It is true that the contribution rate in 2003 will be about 40 per cent higher than the rate foreseen under the existing legislation, but, at the same time, thanks to the amendments we are proposing, the contribution rate in 2030 will be much lower than projected. It will in fact be approximately 30 per cent.

This means that future generations, our children and grandchildren, will not be weighed down by an incredible financial burden. It also means that people in their middle years whose contributions had been less than the amount required to pay future benefits will now pay contributions that are more equitable in that respect. Younger Canadian workers and young people entering the labour force will pay contributions that are not as high as previously planned. Also in the interests of fairness.

What about present CPP beneficiaries? Why are these people not affected? There is no doubt that many are drawing pensions that are far more generous than they would be on the basis of the contributions they paid. That is true, but it is not their fault. If anyone is to blame, it is the plan itself which was not adjusted in the past as it should have been, because previous governments did not have the political will to make these decisions.

That is why our proposal is accompanied by measures to make the Canada pension plan more accountable and provides for more frequent review. Furthermore, any new initiatives under the plan must have full financing before they can go ahead. However, it would not be fair to make our seniors, who made their retirement plans of the basis on the existing plan, pay their costs retroactively. We signed a contract with our seniors and for the sake of fairness, we must honour that contract.

As you can see, the proposed changes to the Canada pension plan are not an affront to business or the taxpayer. They do not involve an additional tax or some new trick in our tax system. In fact, these are prudent and basic measures that are entirely in line with our record for sound management of public moneys and reflect our commitment to be fair in every respect.

If we had failed to make the difficult decisions that were necessary, younger generations would have had to pay twice as much as they will now, without receiving a penny more in benefits. This would have been neither fair nor affordable, and indeed it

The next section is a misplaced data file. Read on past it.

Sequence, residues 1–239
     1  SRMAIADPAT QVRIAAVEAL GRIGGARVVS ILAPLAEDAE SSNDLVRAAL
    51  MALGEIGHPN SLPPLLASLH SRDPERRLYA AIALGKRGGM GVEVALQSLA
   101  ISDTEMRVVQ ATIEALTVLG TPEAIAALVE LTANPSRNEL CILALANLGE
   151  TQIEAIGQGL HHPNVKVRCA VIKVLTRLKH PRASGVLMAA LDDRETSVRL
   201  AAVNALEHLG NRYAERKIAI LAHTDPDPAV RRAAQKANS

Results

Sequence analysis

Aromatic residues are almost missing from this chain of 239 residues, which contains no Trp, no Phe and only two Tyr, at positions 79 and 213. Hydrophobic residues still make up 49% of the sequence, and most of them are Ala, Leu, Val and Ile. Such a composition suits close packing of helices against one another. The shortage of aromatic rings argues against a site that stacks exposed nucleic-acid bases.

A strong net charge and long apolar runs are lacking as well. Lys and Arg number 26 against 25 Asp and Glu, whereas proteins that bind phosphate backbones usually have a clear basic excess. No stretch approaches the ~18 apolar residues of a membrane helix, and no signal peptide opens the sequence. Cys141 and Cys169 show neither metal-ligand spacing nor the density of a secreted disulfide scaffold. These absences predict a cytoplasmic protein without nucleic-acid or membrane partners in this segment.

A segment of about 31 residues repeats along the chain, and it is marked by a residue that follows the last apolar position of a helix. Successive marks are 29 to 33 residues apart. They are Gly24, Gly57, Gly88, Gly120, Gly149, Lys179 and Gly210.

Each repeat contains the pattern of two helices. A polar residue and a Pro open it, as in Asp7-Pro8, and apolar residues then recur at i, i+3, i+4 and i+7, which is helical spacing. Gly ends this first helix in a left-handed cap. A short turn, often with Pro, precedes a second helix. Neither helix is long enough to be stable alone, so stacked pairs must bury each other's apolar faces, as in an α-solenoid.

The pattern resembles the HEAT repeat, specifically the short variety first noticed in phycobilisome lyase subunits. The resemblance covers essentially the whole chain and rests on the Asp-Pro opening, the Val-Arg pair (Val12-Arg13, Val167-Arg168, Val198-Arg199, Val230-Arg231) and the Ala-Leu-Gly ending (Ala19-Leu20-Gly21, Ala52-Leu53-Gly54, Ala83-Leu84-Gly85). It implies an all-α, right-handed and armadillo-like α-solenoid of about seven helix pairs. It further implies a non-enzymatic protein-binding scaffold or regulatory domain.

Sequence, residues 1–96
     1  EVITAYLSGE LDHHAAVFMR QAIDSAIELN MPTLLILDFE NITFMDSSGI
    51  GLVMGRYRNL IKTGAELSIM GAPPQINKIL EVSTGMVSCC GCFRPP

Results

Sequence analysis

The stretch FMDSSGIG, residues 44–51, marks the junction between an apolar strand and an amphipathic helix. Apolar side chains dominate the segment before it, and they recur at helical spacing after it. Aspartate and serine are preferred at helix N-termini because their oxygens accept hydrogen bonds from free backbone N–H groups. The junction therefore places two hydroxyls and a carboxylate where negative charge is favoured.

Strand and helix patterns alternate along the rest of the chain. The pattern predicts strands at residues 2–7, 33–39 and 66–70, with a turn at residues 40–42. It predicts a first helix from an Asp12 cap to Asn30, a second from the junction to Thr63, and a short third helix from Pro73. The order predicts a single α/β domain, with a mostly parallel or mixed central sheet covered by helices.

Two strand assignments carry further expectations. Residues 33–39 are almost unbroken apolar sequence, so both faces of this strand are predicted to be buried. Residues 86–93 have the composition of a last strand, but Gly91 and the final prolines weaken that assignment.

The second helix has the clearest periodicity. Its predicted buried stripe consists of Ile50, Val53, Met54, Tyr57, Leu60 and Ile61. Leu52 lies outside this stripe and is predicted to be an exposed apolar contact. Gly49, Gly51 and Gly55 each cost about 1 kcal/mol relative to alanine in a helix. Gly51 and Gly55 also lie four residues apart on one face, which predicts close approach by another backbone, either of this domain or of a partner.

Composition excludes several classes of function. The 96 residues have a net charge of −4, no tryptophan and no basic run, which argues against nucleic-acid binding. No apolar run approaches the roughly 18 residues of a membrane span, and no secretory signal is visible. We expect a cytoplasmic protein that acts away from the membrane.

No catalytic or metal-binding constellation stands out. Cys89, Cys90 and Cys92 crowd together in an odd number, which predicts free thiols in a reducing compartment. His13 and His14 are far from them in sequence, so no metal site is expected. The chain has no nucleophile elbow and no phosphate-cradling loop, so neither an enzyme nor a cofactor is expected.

would have been excessively costly. To put such a burden on future contributors would, in all probability, have led to the collapse of the plan. We could not afford to let this happen.

Acting now will ensure the Canada pension plan is on a secure and stable financial footing for the foreseeable future. As I said before, the CPP changes were not decided in isolation. They reflect a truly national consensus based on public consultations and a decision making process that involved the provinces as full partners.

Believe me, no government at any level likes to ask its people to pay more for the same services. But it is a price many Canadians have told governments they are willing to pay in order to preserve the plan they believe in and want to be able to depend on. They told us so during the public consultations which were held in every province and territory last spring as part of the federal-provincial review of the plan. Canadians clearly said that they valued the CPP. They told us they wanted it fixed, not scrapped.

During the review, we and the provinces examined a number of options and heard opinions from both ends of the spectrum. We considered many alternatives, but narrowed our choices to those which would ensure that no one's benefits were jeopardized; not those of today's beneficiaries, nor those of future generations. We listened when Canadians everywhere said the Canada pension plan is important to them. They want it preserved, and preserved in a way that does not pass on an unfair burden to younger generations. It is worth remembering that the debate currently taking place is not about choosing to increase contribution rates. It is about choosing to preserve the Canada pension plan.